In Defying the Odds, we discuss state and congressional elections as well as the presidential race. Our next book, title TBA, discusses the 2020 results.
Rick Rojas at NYT:
The Rev. Raphael G. Warnock and Jon Ossoff, the Democratic challengers in the Senate runoffs in Georgia, have each raised more than $100 million since October — enormous sums that surpassed their Republican opponents by a significant margin and underscored Democrats’ confidence after recent gains the party has made in the state and their hopes that they might capture the Senate.Sheera Frenkel and Davey Alba at NYT:
The contests have drawn a surge of attention and investment from outside of Georgia, given the stakes, and the campaigning has only intensified in the final weeks before the runoff, which is scheduled for Jan. 5.
Senator David Perdue, one of the Republican incumbents, raised $68 million in the period between Oct. 15 and Dec. 16, according to reports to the Federal Election Commission made public on Thursday. Senator Kelly Loeffler, the other Republican, raised close to $64 million during that period.
Mr. Ossoff, who is running against Mr. Perdue, became the best-funded Senate candidate in history after pulling in $106.7 million, according to the filings, and Mr. Warnock, who is challenging Ms. Loeffler, has raised $103.3 million.
Two weeks ago, the conservative media personalities Diamond and Silk falsely claimed on their Facebook page that people who were not eligible to vote were receiving ballots in Georgia’s special elections next month. Their post was shared more than 300 times.
A week later, the right-wing commentator Mark Levin shared a post on his Facebook page falsely suggesting that the Rev. Raphael Warnock, one of the two Democrats running in the Georgia Senate runoffs, once welcomed Fidel Castro to his church. The misleading claim was shared more than 3,000 times.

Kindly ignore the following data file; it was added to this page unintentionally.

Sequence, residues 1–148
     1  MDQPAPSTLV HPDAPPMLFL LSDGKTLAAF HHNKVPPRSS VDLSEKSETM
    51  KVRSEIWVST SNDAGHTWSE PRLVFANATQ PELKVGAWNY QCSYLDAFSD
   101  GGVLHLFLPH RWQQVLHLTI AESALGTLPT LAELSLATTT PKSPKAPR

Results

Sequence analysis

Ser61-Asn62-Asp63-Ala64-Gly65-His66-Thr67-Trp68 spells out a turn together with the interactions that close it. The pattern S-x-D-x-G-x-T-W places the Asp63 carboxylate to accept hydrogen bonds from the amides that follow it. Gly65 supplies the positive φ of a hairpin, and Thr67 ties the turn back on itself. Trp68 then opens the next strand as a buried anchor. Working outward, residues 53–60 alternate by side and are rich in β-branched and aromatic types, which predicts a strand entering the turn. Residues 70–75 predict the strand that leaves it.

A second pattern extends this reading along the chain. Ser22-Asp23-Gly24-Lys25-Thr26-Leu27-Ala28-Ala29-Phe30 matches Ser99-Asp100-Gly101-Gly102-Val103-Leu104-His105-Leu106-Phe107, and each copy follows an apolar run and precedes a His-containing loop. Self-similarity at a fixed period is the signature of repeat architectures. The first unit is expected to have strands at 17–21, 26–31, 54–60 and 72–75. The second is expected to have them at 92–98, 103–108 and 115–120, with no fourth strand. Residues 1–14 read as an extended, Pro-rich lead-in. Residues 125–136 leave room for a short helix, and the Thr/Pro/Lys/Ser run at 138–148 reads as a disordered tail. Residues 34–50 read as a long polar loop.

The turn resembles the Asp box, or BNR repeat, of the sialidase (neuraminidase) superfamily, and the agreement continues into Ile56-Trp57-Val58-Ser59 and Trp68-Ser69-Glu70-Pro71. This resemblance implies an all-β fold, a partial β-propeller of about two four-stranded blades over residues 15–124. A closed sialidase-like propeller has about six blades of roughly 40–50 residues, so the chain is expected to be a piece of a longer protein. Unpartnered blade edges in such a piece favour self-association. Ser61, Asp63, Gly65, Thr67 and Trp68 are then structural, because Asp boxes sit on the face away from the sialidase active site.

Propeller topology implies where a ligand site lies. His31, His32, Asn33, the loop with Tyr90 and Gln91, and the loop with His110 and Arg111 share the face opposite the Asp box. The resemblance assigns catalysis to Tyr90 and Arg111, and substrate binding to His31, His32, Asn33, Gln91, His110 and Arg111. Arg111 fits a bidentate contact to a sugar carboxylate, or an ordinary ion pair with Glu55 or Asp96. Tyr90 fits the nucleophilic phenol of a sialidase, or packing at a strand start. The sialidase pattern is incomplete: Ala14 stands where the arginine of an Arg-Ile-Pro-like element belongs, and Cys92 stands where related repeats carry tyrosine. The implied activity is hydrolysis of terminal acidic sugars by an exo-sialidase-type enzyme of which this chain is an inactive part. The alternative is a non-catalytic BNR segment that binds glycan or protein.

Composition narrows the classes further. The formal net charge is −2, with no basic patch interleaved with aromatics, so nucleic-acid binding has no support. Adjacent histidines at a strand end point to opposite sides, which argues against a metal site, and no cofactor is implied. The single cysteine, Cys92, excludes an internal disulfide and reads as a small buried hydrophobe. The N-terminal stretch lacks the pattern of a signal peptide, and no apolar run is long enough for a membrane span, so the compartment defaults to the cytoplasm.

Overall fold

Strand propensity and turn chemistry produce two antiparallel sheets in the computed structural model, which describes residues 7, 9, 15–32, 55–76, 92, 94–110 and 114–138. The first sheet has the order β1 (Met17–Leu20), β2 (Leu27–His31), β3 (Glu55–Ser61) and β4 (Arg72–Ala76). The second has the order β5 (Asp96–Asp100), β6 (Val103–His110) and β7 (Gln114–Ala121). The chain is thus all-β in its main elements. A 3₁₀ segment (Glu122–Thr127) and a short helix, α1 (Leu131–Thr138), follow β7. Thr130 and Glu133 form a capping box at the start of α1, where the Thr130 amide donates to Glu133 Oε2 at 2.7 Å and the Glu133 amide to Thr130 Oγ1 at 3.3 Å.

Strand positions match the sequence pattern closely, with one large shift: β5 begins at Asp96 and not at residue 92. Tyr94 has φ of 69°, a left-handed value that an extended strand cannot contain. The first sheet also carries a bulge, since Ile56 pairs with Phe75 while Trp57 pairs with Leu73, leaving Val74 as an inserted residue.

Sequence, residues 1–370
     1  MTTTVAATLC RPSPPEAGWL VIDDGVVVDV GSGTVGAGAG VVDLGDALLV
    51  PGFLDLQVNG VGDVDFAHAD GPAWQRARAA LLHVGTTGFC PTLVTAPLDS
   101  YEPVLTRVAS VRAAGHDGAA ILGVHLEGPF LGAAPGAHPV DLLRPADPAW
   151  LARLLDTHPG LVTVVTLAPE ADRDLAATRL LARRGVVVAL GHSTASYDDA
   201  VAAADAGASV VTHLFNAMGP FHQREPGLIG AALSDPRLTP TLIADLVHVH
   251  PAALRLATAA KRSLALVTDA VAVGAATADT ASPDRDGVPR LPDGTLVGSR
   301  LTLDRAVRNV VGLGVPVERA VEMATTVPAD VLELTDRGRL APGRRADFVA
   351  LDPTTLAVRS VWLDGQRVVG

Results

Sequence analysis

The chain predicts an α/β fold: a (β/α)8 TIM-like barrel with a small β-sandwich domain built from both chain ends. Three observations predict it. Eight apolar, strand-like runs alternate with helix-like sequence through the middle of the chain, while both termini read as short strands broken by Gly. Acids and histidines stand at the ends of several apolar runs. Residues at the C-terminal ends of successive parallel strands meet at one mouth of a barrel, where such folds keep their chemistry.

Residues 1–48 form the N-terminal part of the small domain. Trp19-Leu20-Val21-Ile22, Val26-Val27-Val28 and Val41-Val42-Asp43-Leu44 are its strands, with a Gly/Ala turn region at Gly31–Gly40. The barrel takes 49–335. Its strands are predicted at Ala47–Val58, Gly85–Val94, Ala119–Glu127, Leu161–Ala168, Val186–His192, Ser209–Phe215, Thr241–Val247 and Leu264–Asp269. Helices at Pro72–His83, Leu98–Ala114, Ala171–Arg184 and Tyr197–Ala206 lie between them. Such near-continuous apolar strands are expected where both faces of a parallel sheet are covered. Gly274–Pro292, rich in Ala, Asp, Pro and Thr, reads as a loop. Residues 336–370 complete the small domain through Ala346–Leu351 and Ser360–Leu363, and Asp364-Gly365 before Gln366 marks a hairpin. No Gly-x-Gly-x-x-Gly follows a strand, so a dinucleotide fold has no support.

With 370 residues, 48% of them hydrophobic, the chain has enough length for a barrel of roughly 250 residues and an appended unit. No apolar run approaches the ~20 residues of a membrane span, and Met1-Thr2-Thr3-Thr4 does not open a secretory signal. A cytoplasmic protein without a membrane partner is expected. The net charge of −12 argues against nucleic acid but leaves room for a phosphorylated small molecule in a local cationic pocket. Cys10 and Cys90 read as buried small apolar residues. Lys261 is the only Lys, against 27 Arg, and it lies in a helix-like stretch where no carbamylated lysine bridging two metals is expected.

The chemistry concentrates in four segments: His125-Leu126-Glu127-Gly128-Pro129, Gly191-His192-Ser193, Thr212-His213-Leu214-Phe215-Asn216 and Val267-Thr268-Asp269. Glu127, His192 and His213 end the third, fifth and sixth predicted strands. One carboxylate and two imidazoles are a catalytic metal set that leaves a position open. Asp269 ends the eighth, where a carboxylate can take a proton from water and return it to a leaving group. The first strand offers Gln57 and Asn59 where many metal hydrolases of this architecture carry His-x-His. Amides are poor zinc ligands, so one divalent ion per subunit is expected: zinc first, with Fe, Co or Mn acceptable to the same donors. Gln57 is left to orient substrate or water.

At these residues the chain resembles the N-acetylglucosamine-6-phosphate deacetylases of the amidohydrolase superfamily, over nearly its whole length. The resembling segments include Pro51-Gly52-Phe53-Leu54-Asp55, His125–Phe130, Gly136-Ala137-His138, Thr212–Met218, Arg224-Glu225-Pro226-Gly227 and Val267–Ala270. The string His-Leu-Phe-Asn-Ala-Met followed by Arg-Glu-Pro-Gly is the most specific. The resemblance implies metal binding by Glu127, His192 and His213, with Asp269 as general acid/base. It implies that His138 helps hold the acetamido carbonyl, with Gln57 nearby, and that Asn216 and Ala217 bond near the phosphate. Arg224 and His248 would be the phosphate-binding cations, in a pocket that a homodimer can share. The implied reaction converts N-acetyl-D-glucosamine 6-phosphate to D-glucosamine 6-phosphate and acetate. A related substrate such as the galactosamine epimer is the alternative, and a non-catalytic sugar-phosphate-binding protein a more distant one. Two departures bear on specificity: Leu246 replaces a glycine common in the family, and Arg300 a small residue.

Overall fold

At the same time, a drumbeat of misinformation about the presidential election count in Georgia droned on. Lara Trump, President Trump’s daughter-in-law, and the Hodgetwins, a bodybuilding duo who have turned to pro-Trump political comedy, shared several false stories on their Instagram and Facebook pages that claimed suitcases filled with ballots were pulled out from under tables during the November vote count. Tens of thousands of people shared their posts.
A small group of “superspreaders” is responsible for the vast majority of that misinformation, according to new research by Avaaz, a global human rights group. Not only are those accounts responsible for most of the misinformation swirling around the vote, they are drowning out accurate reporting by mainstream media outlets on Facebook and Instagram.
Does a political ad showing Georgia Senate candidate Raphael Warnock saying "God damn America" present the video in context? No, it does not: When Rev. Warnock uttered the controversial phrase, he was discussing the use of those words in a famous sermon by Rev. Jeremiah Wright. By taking Warnock's quote out of context, the ad implied he was communicating his own sentiment, which he was not.
The ad (archived here) began running on Facebook on December 17, 2020. Paid for by American Crossroads, a conservative super PAC, the ad included a six-second video that showed Wright and Warnock, back to back, saying, "God damn America." Text overlaid on top of the video at one point read: "Raphael Warnock: 'God damn America.'"